The workplace can double as a medical home, say advocates of worksite clinics
Healthcare today is being delivered in many sites other than the hospital, as Journal of Healthcare Contracting readers are well aware. Add the workplace – office building, factory, etc. – to the list.
Work is where people congregate during the day. They spend many of their waking hours there, they interact with the same group of people, day after day. Work is where bad health habits can fester – and where good ones can be nurtured and spread. So why not bring healthcare there?
The case for worksite clinics is strong, according to advocates. The employer wins, with increased productivity, reduced absenteeism, quicker return to work for employees, etc. And the patient wins too, as healthcare providers – doctors, nurse practitioners, physician assistants and others – work with employees to coach them on better health.
“We use illness to find wellness,” says Edward Schwartz, M.D., chief medical officer, CIGNA Onsite Health. An employee who comes in with a sore throat may get asked about his or her sleep habits, eating habits, etc. “We’re trying to go back to a holistic delivery system.
“Seventy to 80 percent of chronic conditions are lifestyle-related,” he says. “[Worksite clinics] offer a huge opportunity to not only prevent, but to sometimes reverse [chronic conditions]. It’s a fascinating dynamic.”
“Demand is exploding right now,” says Stuart Clark, president, CHS Commercial Services, Reston, Va., which operates about a hundred worksite health centers. The company responded to 35 requests-for-proposal in 2009, and 58 in 2010. As of May of this year, CHS had already responded to 25. “Ten years ago, there were seven competitors; today, there are 35.” Private equity firms, health plans, healthcare providers and others are entering the market.
In February 2010, CIGNA Onsite Health – then just two years old – acquired Kronos Optimal Health to expand its worksite program, says Schwartz. “We had developed our own biometric testing capabilities, but we never realized how successful we were going to be. And we didn’t have the ability to provide services to everyone who was asking.” Based in Phoenix, Kronos focused on lifestyle management programs, face-to-face coaching, biometric screenings and health education programs.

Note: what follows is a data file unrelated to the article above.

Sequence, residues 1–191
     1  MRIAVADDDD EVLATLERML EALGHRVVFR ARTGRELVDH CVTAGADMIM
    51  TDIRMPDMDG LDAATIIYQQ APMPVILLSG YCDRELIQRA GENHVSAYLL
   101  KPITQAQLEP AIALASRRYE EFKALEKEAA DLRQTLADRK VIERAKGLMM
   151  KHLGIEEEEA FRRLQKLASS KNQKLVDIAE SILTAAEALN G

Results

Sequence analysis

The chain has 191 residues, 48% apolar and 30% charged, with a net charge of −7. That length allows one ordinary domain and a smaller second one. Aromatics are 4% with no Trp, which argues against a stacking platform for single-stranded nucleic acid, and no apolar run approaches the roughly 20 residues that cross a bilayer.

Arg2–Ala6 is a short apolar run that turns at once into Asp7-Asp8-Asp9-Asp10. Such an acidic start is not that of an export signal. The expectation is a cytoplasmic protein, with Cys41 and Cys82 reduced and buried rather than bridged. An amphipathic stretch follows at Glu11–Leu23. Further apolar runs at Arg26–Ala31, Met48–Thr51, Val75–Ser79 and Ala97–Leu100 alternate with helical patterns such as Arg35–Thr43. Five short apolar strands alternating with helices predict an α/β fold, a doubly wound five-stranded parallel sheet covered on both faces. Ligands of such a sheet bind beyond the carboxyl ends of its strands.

Thirty-one percent of large employers offer a medical clinic at or near their workplace, according to a 2009 Mercer employer study. While most still use such clinics for occupational health services (which is where many got their start), 11 percent of large employers provide a clinic for primary care services and 10 percent of all employers surveyed are considering offering a primary care clinic this year. The Midwest Business Group on Health reports that 62 percent of workers are interested in their company offering onsite medical clinics to better manage their health, according to recent employee focus-group research.
In most cases, employers that are self-insured express the strongest interest in worksite clinics. They typically have a thousand employees or more in any one geographical region. However, smaller employers are banding together to create “near-site” clinics to serve their collective employees.
What’s driving them?
Healthcare reform is one factor driving interest in worksite clinics, says Patricia Berger-Friedman, senior consultant, Towers Watson, a New York-based benefits-consulting and financial management firm. With an estimated 30 million formerly uninsured people anticipated to gain access to care, employers are concerned that their employees and families may lack access to good medical care when they need it, she says. Another driving force is the employer’s desire to make itself an employer of choice as well as an employer known for creating an atmosphere in which wellness and health is promoted.
Start-up costs can be substantial, depending on the scope of services offered. And it is unrealistic to expect that once the clinic is opened, employees will embrace it. In fact, they may be suspicious of the employer’s motives, according to a December 2010 report by the Center for Studying Health System Change.
“This tends to be an issue particularly when there has been a history of adversarial relationships between management and labor.” Employees may fear that their personal medical information will be shared with their employer and have negative consequences. “Experts emphasized that employers need to expect these concerns and work with vendors to ensure that the handling of confidential employee data fully complies with federal and other regulations, and then communicate clearly with employees about these protections,” according to the study.
Employers considering workplace clinics have three options: They can hire a third-party vendor (e.g., CHS, Take Care Health, CIGNA Onsite Health) to set up, staff and operate the clinic; they can contract with a local hospital system to do so; or they can do it themselves.
Most employers outsource clinic operations through so-called turnkey operations. But a few, including Sussex, Wis.-based Quad/Graphics and Chicago-based Boeing, have grown their own clinics. A few companies (such as Quad/Graphics) have gotten so good at running their clinics, they have launched clinic businesses of their own.
Aurora Health Care in Milwaukee, Wis., had attempted to set up and operate worksite primary care clinics for local employers, says Mary Jo Capodice, DO, MPH, medical director, occupational health and wellness. It no longer does that, but the IDN does place caregivers onsite to help employers enhance the health of their workers, to help control workers compensation costs, and to control short-term disability claims. In addition, Aurora creates what Capodice calls “virtual clinics” for employers. Physicians and mid-level providers from a nearby Aurora clinic are assigned to a particular employer. They get to know the employer and employees. And while they continue to see other patients, they become the company’s primary care provider.